As Serious as Daylight Savings Time . . .

I never use an alarm clock (never have). I don’t seem to need much sleep, and I let my body wake me up whenever it wants to. Daylight savings means I start getting out of bed at about 5 instead of 4. And who doesn’t like more sunlight at the end of the day?

But not all is well: It turns out that Heart Attacks rise following daylight saving time. And, by the statistically significant amount — about 10%. (The opposite is true when falling back in October — they fall by 10 percent). Staying up late to finish off a disc of Californication when I wasn’t sleepy never helps either.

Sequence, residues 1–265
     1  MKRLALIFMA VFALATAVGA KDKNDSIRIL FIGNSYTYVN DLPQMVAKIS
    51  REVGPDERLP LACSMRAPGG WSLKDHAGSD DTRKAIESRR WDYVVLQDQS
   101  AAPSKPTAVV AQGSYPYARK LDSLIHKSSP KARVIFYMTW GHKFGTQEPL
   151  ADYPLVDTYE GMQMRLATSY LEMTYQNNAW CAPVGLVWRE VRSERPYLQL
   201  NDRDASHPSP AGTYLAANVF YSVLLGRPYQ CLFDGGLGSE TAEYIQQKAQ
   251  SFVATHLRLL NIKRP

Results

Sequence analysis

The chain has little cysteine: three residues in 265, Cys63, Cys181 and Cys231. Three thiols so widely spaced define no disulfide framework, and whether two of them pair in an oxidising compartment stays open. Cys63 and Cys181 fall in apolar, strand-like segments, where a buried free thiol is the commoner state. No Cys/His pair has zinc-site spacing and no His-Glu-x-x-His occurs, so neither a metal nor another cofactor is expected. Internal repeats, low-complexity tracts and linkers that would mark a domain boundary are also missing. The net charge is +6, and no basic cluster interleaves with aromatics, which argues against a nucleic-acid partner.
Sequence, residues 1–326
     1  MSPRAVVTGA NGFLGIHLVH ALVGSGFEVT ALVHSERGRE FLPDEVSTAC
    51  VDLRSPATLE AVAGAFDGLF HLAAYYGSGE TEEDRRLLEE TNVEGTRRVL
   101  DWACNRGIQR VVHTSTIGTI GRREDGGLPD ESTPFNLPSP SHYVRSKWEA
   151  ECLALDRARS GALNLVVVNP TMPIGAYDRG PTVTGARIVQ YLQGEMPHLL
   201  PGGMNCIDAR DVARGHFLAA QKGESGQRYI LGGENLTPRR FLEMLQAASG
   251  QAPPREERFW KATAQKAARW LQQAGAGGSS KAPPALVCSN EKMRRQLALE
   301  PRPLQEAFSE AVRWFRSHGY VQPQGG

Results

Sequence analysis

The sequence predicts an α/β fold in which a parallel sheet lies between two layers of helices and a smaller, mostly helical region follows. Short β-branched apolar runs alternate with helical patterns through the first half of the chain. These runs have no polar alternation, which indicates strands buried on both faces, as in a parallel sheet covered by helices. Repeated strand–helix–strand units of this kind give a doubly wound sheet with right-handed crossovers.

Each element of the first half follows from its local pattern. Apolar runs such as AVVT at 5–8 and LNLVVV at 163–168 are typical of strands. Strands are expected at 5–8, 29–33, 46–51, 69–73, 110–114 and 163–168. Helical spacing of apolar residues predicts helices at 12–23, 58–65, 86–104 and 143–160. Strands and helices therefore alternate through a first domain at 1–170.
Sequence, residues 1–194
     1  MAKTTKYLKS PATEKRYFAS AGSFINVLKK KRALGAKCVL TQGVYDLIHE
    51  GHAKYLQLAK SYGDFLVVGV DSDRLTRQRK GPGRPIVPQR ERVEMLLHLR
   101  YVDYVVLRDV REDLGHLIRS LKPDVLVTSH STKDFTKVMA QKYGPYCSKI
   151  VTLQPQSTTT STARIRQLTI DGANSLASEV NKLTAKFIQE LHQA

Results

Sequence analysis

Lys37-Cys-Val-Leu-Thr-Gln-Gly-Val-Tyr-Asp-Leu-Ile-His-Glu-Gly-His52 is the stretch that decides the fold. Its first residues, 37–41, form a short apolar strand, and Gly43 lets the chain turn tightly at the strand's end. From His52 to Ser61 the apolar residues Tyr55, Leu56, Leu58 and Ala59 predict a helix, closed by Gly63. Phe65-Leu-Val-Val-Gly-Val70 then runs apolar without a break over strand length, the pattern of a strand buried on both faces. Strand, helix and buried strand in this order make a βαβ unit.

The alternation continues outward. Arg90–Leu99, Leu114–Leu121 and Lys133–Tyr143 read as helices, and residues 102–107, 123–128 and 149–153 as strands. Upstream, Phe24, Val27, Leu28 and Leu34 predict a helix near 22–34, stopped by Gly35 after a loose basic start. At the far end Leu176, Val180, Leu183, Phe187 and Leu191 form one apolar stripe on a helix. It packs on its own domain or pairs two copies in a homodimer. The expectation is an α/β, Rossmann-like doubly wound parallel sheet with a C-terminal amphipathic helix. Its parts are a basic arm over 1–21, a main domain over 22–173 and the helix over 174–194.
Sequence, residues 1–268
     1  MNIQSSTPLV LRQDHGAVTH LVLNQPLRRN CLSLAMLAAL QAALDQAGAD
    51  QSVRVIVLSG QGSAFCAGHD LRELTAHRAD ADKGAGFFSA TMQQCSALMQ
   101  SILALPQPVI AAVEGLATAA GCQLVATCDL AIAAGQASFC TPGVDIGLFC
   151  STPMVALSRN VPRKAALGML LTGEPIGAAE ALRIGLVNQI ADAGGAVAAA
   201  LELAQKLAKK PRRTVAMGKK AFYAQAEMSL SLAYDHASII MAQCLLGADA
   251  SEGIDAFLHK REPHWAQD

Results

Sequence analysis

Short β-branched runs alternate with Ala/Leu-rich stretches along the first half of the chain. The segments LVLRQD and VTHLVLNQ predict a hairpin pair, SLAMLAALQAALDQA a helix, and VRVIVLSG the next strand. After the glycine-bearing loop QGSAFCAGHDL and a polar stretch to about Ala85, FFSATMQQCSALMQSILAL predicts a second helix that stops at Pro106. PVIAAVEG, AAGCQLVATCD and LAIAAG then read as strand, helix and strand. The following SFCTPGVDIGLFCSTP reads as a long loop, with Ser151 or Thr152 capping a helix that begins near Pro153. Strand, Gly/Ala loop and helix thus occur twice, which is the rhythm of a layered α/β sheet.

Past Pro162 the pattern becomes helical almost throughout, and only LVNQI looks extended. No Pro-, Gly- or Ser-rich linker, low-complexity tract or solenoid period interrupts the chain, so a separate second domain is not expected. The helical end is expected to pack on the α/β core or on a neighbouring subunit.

According to Science Daily, “Sleep deprivation, the body’s circadian clock and immune responses all can come into play when considering reasons that changing the time by an hour can be detrimental to someone’s health.”

This is really a long winded way of saying I am running late.

Be back shortly . . .


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